2015 GSA Annual Meeting in Baltimore, Maryland, USA (1-4 November 2015)

Paper No. 146-3
Presentation Time: 2:00 PM


XU, Xiao1, KELLER, G. Randy2, GAO, Rui1, GUO, Xiaoyu1 and ZHU, Xiaosan3, (1)State Key Laboratory of Continental Tectonics and Dynamics, Key Laboratory of Earthprobe and Geodynamics, MLR, Institute of Geology, Chinese Academy of Geological Sciences, Beijing, 100037, China, (2)School of Geology and Geophysics, University of Oklahoma, 100 E. Boyd, Norman, OK 73019, (3) Institute of Geology, Chinese Academy of Geological Sciences, Beijing, 100037, China, grkeller@ou.edu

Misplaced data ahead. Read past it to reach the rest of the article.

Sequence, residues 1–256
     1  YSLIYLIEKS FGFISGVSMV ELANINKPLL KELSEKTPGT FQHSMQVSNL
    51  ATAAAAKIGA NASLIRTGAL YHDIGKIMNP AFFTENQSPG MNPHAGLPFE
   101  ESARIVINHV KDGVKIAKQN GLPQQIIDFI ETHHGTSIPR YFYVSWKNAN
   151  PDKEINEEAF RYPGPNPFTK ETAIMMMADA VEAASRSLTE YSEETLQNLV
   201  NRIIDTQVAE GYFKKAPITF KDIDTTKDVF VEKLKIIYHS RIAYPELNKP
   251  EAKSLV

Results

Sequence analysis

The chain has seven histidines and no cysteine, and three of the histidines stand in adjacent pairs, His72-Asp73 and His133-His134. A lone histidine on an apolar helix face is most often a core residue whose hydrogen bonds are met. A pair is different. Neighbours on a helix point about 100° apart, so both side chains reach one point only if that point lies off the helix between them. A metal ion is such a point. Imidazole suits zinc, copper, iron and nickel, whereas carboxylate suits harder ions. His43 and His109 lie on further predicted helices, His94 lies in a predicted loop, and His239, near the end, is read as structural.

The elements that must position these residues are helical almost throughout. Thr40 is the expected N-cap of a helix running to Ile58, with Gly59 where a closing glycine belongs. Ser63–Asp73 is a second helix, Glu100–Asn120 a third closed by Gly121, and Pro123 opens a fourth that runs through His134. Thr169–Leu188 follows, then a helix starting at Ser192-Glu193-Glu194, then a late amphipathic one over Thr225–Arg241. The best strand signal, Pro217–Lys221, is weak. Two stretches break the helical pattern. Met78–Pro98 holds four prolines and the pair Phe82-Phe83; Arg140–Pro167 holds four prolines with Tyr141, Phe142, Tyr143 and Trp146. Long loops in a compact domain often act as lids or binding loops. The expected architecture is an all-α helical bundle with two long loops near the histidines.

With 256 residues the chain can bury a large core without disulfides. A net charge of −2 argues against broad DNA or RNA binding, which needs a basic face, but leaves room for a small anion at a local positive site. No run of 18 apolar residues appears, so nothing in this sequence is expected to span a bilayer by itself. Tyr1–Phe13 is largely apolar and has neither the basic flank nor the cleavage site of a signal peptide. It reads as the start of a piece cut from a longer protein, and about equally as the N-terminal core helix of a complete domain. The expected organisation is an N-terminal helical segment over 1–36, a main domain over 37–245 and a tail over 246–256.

The mechanism for uplift of the eastern Tibetan Plateau has been a matter of debate. There are two main models that are extrusion and crustal flow. These models have been tested by surface observations, but questions about the uplift remain. In addition, the devastating 2008 Mw 7.9 Wenchuan earthquake along the Longmen Shan Fault Zone (LMSFZ) reminds us that the tectonic activity within eastern Tibet is complex and poses a major natural hazard. This activity is accompanied by dramatic uplift along the LMSFZ, but only minor convergence (<4 mm/yr) against the adjacent Sichuan basin is observed. In order to investigate the mechanism for uplift of Longmen Shan (LMS) area, we explored the lithospheric structure across the Songpan-Ganzi terrane, LMS, and western Sichuan basin by undertaking an integrated analysis of a variety of data including new, logistically-challenging controlled-source seismic profiling (reflection and refraction) results, receiver function estimates of crustal thickness, gravity and magnetic data, GPS data, and geologic constraints. Our analysis of crustal structure indicates that the crust is not thick enough to support its current elevation and that the crust is essentially composed of three layers of similar thickness. Thus, based on our crustal structure model, 2D numerical modeling was conducted to investigate uplift mechanisms. The modeling results indicate that the middle crust beneath the Songpan-Ganzi terrane is the most ductile layer, which is the key factor responsible for the crustal-scale faulting, earthquake behavior, and periods of uplift. In addition, the modeling results indicate that the strong Sichuan block acts as backstop for the thrusting along the LMS and crustal thickening to the west.